Farms coming back online after coronavirus: 'Meat shortages should end within 10 days'
Agriculture Secretary Sonny Perdue and Iowa Gov. Kim Reynolds said farmers' plants should be back to 100% capacity 'in a week to 10 days'
May 6, 2020 - 5:56pm
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Iowa Gov. Kim Reynolds visited the White House on Wednesday to discuss farming issues, striking a positive tone in a meeting with President Trump and key administration officials.
"We've turned a corner," said Agriculture Secretary Sonny Purdue said during the meeting.
Due to the drastic reduction of the food service industry due to the coronavirus many fields have reportedly been plowed under because of the expense of harvesting and the lack of profit.
Meat processing plants in the United States have suspended operations because employees getting infected with the coronavirus or showing virus-like symptoms.
Purdue and Reynolds said Wednesday at the White House that plants should be back to 100% capacity in a week to 10 days. Reynolds said that only one Iowa meatpacking plant is shut, in Waterloo.
“We're at reduced capacity. Perry is back up. In fact they're at 60% capacity and we just started the extensive testing last week,” said Reynolds, referring to a Tyson Foods plant in Perry where at least 58% of the workforce reportedly tested positive.
“We'll have most of our facilities up and going," she said. "And so as we continue to keep them up and processing, we're going to hopefully prevent a really sorry situation where we were euthanizing some of our protein supply and really impacting the food supply, across the country but throughout the world and so this is critical infrastructure is an essential workforce.”
Perdue said meat shortages should end within 10 days as meat plants come back on line.
“I think we've turned the corner. We'll see them coming back on line," he said. "I'd say probably a week to 10 days we'll be back up, fully back up."
Vice President Mike Pence said that whenever there’s an outbreak at a meat plant, the Centers for Disease Control and Prevention sends a team to ensure safe conditions.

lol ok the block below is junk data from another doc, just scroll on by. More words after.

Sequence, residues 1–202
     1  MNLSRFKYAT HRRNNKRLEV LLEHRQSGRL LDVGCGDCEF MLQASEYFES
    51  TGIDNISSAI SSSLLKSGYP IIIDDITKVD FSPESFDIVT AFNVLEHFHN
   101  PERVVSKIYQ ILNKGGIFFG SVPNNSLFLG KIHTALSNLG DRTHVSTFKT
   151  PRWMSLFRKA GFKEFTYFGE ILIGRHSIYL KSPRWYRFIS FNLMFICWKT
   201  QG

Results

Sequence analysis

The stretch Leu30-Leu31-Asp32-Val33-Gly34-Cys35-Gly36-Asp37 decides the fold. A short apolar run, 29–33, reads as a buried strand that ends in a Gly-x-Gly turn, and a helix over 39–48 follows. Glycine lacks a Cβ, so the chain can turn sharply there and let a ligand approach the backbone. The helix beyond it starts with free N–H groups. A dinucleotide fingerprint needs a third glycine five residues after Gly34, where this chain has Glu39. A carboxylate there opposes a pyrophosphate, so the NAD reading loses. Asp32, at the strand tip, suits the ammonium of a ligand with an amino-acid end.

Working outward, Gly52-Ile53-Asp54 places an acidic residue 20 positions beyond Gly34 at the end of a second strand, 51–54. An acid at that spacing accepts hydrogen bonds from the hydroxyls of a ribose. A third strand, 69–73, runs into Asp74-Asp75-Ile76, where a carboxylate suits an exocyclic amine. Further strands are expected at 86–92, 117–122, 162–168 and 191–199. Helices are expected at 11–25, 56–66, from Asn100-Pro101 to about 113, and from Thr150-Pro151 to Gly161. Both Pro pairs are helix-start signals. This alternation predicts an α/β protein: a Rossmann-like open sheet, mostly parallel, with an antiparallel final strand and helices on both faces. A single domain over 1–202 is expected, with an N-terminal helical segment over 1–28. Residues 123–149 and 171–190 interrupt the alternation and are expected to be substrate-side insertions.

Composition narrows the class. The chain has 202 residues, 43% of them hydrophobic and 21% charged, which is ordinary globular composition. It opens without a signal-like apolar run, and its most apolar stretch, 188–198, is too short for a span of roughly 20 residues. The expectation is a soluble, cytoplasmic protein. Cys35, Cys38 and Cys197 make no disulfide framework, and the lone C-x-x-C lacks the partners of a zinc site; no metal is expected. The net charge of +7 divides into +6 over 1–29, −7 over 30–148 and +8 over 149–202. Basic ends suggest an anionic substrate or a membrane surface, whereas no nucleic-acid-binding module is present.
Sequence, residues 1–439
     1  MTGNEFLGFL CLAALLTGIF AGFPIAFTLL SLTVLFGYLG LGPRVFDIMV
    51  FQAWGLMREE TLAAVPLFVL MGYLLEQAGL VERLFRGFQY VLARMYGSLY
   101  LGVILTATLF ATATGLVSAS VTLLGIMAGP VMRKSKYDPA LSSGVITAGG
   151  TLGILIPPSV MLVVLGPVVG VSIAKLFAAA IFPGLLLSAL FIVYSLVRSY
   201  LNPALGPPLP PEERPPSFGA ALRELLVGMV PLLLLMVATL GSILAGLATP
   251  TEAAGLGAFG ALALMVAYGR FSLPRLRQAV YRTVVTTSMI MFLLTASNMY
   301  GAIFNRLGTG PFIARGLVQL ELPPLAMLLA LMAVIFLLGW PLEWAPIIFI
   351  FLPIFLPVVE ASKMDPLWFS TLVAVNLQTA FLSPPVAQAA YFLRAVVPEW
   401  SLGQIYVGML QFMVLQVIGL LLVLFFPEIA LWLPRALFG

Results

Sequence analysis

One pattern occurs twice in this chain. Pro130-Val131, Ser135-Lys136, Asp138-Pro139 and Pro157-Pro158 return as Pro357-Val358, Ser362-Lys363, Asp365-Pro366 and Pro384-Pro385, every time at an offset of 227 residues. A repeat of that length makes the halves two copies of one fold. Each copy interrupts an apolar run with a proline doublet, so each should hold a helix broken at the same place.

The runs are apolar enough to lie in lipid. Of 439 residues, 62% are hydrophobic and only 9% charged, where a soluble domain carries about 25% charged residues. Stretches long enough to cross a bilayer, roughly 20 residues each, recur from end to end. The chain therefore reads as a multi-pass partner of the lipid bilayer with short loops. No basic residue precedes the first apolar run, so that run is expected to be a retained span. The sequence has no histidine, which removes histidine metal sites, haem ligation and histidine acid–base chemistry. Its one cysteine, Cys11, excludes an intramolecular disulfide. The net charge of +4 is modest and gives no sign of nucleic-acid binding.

Asked if sufficient steps are being taken to protect workers, given the outbreaks at meat packing plants, Pence responded: “Our objective is two equal goals: No 1 is the safety and health of the workforce in our meat processing plants, and to ensures there’s strength in our food supply and getting people back to work.”
Reynolds echoed that, saying: “They are testing employees as they enter the plants. … They have to have the mask on when they enter the facility. … They’re doing social distancing…. It’s a partnership. We’re all working together… . We’re providing them the confidence of a safe environment but at the same time we’re making sure that the food supply chain is moving and that the country is being fed.”
Trump last month signed an executive order under the Defense Production Act to keep open meat processing plants and keep intact the national food supply chain.
The order makes such facilities part of the country's critical infrastructure. The administration is also working with the Department of Labor on issuing guidance about which employees who work at these meat processing facilities should remain home, including those who are part of populations most vulnerable to the coronavirus.
Pence said Iowa has been a success story during the coronavirus pandemic.
Reynolds was one of five Republican governors who co-authored a Washington Post op-ed Tuesday titled, "Our states stayed open in the COVID-19 pandemic. Here’s why our approach worked."
"While our specific approaches may differ, we have all kept our states 'open for business' and delivered food and other goods Americans need during this pandemic," the governors wrote. "Our collective experience ensures that our contribution toward reopening our nation’s economy is stable, safe and durable. Restarting our economy is not a race to be won but a cooperative effort. Our approach has created a model for success that can be applied throughout the country."
Reynolds said at the White House that Iowa has tested one in 50 Iowans.
"We are testing in hotspots," she said.
Trump said: "In a way by doing all this testing we make ourselves look bad. ... We're going to have more cases" because more testing.
Trump asks an Iowa epidemiologist visiting with Reynolds to serve on the White House Coronavirus Task Force, an offer that she accepted.
"I'd love for you to be on the task force," Trump said, assuring the governor this is "not to steal her," just borrow.
The aid package is planned to come in two parts, one is $16 billion in direct payments to farmers, ranchers and producers. The second part of the farmers' aid package includes $3 billion of direct purchases by the federal government from farmers for fresh produce, dairy and meat products. The products will be distributed to needy Americans through food banks and community and faith-based organizations.
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